Fitness articles

10 Way to Curb Your Appetite

28/01/2011by in ,

It can happen to the best of us – we have great intentions of eating healthily and manage it very nicely, thank you very much, when suddenly out of the blue it hits us like a bolt of lightning. If you can’t have that packet of ‘cheese and onion’, or that Snickers or whatever your particular craving is RIGHT NOW, you will simply explode.

Craving a particular food is a powerful sensation. For women, research shows that we tend to go for the fat/sweet combinations like ice cream, chocolate or cake. For men, favourite foods usually involve salt/fat combinations. Whatever food you fantasize about during your weaker moments, they are unfortunately often the ones that are devastating to your diet and the only thing that’s really going to explode is your waist-line.

We know that cravings can dent the intentions of even the most determined dieter. That’s why we’ve come up with the best ways to curb these cravings and help you stay on track. With these eDiets tips you no longer have to bow down to those sudden temptations…

1. Don’t skip meals. When you skip a meal, you will be more likely to experience cravings simply because you are hungry.

2. For the same reason, don’t starve yourself! Aim for a weight loss of 1-2 pounds a week and no more. If you eat too little your body will feel so deprived that these cravings are more like to strike. Keep healthy snacks like fruit handy at all times so you don’t get too hungry.

3. Drink plenty of water. Dehydration can sometimes be mistaken for hunger and can heighten cravings, especially for sweet foods.

4. Understand that cravings are a normal response to living in an environment where food, and especially junk food, is freely available. Eliminate as many food cues as possible. Don’t keep the foods you crave in your house, avoid the restaurant that serves your favourite chocolate fudge cake and choose the sweet-free check-out at the supermarket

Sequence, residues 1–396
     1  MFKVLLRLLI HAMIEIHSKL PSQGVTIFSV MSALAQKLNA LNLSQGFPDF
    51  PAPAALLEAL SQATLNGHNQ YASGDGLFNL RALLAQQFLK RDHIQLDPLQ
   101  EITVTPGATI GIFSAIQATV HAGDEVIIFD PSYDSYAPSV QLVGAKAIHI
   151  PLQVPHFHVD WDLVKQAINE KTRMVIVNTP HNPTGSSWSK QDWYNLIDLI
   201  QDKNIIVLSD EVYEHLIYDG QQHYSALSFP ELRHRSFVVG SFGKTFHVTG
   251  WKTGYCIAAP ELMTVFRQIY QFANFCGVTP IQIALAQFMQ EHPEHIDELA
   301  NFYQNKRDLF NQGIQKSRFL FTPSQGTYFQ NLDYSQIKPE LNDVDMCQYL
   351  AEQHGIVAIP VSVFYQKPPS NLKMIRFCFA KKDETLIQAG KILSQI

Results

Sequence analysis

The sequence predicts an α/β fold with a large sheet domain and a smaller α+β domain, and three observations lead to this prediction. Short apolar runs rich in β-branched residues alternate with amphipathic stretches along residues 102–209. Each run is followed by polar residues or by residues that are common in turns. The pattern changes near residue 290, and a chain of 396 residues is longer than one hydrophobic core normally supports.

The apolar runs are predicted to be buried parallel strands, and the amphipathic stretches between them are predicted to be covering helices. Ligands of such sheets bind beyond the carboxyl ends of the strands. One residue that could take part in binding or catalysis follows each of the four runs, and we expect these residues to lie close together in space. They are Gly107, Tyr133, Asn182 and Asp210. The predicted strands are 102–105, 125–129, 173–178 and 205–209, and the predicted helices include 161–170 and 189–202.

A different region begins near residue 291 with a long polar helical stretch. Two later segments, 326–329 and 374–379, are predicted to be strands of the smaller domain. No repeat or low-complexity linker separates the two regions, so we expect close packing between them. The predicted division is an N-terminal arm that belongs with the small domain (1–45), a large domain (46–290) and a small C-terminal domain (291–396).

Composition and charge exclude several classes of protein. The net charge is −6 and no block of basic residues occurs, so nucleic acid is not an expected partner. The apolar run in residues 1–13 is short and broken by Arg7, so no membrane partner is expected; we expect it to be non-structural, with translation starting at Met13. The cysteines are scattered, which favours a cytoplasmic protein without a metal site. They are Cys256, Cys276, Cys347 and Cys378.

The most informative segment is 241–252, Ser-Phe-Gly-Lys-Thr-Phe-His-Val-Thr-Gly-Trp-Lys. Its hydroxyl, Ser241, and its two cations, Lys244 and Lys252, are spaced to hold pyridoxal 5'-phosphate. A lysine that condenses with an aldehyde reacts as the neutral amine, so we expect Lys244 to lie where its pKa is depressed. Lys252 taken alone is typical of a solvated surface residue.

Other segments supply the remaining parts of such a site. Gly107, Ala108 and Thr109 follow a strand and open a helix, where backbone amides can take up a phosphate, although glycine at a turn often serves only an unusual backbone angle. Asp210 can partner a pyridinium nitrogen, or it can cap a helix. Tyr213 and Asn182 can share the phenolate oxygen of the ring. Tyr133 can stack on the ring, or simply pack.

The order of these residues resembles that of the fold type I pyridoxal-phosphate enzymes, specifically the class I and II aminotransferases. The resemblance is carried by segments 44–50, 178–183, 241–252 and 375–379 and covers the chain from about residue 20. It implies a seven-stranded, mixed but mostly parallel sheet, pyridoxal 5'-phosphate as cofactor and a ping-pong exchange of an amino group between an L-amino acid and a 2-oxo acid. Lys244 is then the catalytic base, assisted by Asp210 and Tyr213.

5. Be aware that cravings pass. When you get a craving, wait 20 minutes. There is a good chance that it will subside. If it doesn’t, eat something small, you may be genuinely hungry.

6. Put distance between you and food. When the urge to eat hits stay away from the kitchen, go for a walk or leave the shopping centre and simply step away from temptation.

7. Take responsibility for your eating. Believing that certain foods are "addictive" may be a way of giving yourself permission to overeat.

8. Exercise rather than eat when you are stressed. When you eat fat/sweet food, such as chocolate, endorphins are released in the brain, which induce euphoric or pleasurable feelings. The same brain chemicals are released in response to aerobic exercise.

9. Indulge once in awhile. Don’t deprive yourself completely of your favourite foods. This all-or-nothing attitude could be your down-fall. If you crave chocolate for example, it is unlikely that you will have a big blow-out if you eat a fun size bar of chocolate or two throughout the week.

10. Be aware of your eating. Begin to identify what these foods you are craving really provide. Is it really that ice cream or are you craving the comfort and security you get when you eat it?